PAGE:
Betty Hastings and Leon Barr had been grade-school sweethearts while living in Wichita. When Betty was 16 and he was 18, Leon proposed. But their secret engagement ended when a classmate found one of Leon’s letters to Betty on the hallway floor and posted it on the school bulletin board for all to read.
When her parents forbid them even to see each other, Betty was angry and heartbroken, but felt she had no choice in the matter.
“You didn’t buck Mother and Daddy,” Betty said.
Six months later, Leon was married to someone else.
Betty went on to college, where she met Jim Camp, who was in the Air Force. He was stationed at Tyndall Air Force Base just east of Panama City when Betty was admitted into a private hospital to deliver their first child.
The baby was born July 16, 1954, into a hard situation and a different time. When Jim refused to pay the hospital and doctor bills, the hospital forced Betty to give up her baby to a family that could pay the outstanding expenses.
“I was away from my family and anybody I knew,” Betty said. “I was literally dependent upon (the baby’s) father and he let me down. He let me down many times.”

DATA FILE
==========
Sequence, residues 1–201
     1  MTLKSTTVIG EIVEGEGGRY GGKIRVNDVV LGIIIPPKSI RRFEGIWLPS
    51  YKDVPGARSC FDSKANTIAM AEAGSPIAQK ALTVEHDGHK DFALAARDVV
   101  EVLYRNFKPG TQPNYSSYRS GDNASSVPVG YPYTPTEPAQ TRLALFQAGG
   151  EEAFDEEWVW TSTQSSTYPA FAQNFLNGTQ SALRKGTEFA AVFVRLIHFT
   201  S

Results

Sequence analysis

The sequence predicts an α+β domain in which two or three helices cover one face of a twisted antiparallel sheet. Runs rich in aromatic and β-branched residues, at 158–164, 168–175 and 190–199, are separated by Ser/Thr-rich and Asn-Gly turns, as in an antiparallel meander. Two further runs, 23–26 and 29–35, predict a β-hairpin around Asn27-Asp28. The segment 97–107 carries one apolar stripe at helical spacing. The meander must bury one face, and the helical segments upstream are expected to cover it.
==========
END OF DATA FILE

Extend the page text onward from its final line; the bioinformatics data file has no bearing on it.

After the adoption, Betty and Jim maintained a strained connection for several more years, she living on her own and supporting herself while he was away on overseas assignments.
More than once Betty threatened to end their relationship, only to take him back when he came home on leave.
A son, Dickie, was born to the couple the day after Christmas in 1955. Jim was stationed in Wichita but serving in Japan. While he was stationed near Big Spring, Texas, daughter Sandy was born in 1959.
Not long afterward, Jim put in for duty in Hawaii. Betty and her daughter moved to Wichita, where she found work at “about anything I could get.”
“I wrote him and told him that I didn’t want him ever to come back,” Betty said. “But the next thing I knew, he was back on my doorstep.”
He took them to California, and Betty became pregnant with Greg during his 30-day leave. With Jim gone again on assignment, Betty found work in the area fruit-packing sheds and a turkey processing plant.
“I had three little kids, and he again was in Hawaii and wasn’t sending support,” Betty said. “I had no choice. I again told him it was over.”
But he turned up on her doorstep once more. She eventually followed him to Spokane, Wash., when he transferred to Fairchild Air Force Base.
“Everything came to a climax then,” Betty said. “He had rented a house for us and told me on a certain date he was going to have all the utilities turned off, the phone taken out and I wouldn’t get any assistance from him until I left Spokane.”
She left and eventually moved back to California, where she met and married Jack Price. In time, they opened a bed and breakfast in 1999 at their home in Hillsboro. Jack died three years later.